Be careful when trying to sue a State or County. There are many different rules that apply to them!
Plaintiff was allegedly injured when she slipped and fell over a piece of metal rebar that was protruding from a concrete island in the parking lot of the Nassau County Family Court. The lower court denied the County’s motion for summary judgment; however the 2nd Department reversed their decision finding that the County was entitled to summary judgment and the complaint should be dismissed. But why?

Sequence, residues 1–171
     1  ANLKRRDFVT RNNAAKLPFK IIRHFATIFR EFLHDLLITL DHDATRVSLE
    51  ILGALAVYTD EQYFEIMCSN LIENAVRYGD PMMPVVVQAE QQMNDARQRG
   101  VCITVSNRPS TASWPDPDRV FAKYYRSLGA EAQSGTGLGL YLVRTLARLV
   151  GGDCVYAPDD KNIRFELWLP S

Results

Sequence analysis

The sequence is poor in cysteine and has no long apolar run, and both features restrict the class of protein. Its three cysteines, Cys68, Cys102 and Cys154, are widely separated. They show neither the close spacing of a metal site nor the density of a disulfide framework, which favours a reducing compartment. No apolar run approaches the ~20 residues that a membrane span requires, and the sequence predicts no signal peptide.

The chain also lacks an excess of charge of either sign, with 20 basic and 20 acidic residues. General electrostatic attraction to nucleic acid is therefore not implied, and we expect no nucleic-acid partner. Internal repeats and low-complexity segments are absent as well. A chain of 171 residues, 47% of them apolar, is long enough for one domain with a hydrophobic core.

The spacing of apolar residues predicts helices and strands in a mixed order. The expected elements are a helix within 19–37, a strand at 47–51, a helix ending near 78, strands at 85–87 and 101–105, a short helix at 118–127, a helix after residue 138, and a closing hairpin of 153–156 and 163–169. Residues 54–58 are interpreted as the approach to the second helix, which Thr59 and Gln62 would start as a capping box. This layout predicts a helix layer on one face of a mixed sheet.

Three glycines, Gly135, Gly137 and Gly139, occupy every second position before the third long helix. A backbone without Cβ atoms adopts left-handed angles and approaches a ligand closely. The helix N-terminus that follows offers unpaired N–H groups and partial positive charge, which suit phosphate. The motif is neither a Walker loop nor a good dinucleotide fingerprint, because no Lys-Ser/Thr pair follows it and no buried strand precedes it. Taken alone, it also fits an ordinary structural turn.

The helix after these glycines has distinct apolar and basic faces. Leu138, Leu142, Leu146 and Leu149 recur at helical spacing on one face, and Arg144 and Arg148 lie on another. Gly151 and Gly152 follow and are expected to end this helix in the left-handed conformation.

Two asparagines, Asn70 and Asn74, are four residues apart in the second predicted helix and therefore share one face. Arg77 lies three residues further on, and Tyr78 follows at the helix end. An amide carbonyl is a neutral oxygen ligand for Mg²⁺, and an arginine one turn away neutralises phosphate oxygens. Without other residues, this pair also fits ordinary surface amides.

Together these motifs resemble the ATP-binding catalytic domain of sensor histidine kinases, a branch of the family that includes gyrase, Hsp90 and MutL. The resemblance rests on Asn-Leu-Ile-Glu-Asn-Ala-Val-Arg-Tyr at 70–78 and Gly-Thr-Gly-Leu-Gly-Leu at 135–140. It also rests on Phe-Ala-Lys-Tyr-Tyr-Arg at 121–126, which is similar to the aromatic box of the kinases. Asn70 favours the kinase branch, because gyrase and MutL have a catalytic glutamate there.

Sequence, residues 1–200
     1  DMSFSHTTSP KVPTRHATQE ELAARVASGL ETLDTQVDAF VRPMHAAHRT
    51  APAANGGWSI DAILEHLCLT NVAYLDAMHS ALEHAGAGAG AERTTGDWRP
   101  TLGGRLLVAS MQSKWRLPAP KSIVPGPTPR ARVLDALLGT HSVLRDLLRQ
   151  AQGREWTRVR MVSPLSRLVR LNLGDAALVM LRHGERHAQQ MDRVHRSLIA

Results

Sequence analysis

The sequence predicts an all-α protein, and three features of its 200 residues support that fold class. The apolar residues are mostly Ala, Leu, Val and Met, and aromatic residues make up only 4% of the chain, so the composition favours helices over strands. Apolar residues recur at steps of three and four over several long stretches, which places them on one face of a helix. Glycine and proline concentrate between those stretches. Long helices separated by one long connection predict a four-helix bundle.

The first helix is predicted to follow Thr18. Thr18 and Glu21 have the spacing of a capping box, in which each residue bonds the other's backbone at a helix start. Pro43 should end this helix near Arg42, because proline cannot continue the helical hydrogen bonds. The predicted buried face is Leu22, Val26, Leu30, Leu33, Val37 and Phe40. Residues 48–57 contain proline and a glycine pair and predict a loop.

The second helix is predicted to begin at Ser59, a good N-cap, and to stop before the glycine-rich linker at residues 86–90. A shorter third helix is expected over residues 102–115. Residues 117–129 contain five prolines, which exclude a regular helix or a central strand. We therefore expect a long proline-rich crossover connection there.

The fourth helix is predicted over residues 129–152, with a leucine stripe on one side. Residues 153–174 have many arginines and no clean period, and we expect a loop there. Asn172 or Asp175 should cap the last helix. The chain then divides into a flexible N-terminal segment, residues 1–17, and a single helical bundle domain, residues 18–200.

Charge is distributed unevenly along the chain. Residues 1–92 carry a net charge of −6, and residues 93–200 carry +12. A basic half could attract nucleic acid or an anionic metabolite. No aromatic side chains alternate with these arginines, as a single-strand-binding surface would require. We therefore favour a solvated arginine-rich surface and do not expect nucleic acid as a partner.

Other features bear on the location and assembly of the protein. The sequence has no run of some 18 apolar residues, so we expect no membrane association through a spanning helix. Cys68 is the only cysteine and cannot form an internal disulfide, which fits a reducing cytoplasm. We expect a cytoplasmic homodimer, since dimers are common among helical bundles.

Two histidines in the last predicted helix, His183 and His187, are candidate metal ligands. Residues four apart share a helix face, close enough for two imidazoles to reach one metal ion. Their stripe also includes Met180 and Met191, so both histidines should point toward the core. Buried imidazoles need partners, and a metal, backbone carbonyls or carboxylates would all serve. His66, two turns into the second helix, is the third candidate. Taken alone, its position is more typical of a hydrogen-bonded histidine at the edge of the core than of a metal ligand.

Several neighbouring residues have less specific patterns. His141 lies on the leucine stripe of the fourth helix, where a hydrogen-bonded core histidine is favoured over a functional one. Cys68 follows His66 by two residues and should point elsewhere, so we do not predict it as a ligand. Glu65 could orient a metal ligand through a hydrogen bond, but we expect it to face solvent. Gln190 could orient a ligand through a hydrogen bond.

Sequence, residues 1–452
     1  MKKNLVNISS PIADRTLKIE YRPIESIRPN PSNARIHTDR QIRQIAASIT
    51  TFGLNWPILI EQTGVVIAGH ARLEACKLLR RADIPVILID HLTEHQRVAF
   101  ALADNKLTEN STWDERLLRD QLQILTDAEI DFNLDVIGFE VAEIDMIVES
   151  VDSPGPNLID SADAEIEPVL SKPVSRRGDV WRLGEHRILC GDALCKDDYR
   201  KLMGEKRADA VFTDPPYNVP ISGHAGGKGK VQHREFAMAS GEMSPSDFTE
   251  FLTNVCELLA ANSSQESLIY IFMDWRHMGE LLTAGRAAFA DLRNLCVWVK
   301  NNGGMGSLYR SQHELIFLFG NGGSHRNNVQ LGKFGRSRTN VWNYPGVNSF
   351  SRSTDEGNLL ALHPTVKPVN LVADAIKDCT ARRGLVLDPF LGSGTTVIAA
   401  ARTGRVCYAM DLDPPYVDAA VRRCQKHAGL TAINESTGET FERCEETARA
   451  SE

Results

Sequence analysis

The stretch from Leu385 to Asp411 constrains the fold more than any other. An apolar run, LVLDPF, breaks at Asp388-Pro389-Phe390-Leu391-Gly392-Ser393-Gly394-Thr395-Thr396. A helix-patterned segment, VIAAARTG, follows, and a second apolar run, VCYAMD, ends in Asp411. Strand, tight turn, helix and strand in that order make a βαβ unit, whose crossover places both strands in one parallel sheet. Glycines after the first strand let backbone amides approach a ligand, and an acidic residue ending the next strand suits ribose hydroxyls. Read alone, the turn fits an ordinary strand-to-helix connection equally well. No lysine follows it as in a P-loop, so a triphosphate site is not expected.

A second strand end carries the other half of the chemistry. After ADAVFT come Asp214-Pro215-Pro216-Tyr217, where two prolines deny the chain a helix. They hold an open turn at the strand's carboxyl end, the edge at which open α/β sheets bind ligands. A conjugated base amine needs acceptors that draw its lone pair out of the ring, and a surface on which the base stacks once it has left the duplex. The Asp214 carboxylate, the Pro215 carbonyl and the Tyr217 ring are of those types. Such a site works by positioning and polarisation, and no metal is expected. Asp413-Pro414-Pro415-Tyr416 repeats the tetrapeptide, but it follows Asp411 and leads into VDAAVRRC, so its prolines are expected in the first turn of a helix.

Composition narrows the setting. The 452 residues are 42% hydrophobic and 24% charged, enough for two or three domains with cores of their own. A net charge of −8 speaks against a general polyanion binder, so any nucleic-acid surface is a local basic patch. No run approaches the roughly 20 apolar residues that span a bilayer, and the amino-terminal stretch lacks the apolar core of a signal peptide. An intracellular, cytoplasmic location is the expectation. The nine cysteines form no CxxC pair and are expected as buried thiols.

Turns out, the rule is, “[w]here . . . a municipality has enacted a prior written notice law, it may not be subjected to liability for injuries caused by a dangerous condition which comes within the ambit of the law unless it has received prior written notice of the alleged defect or dangerous condition, or an exception to the prior written notice requirement applies” (Panzavecchia v. County of Nassau, 211 A.D.3d 846, 847). Here, Nassau County had a written notice statute that says it cannot be sued for injuries sustained by their sidewalks unless they had written notice of it. One exception to this rule is if the municipality created the defect through an act of negligence and it is up to the Plaintiff to prove this. Definitely an intricate rule and a heavy burden.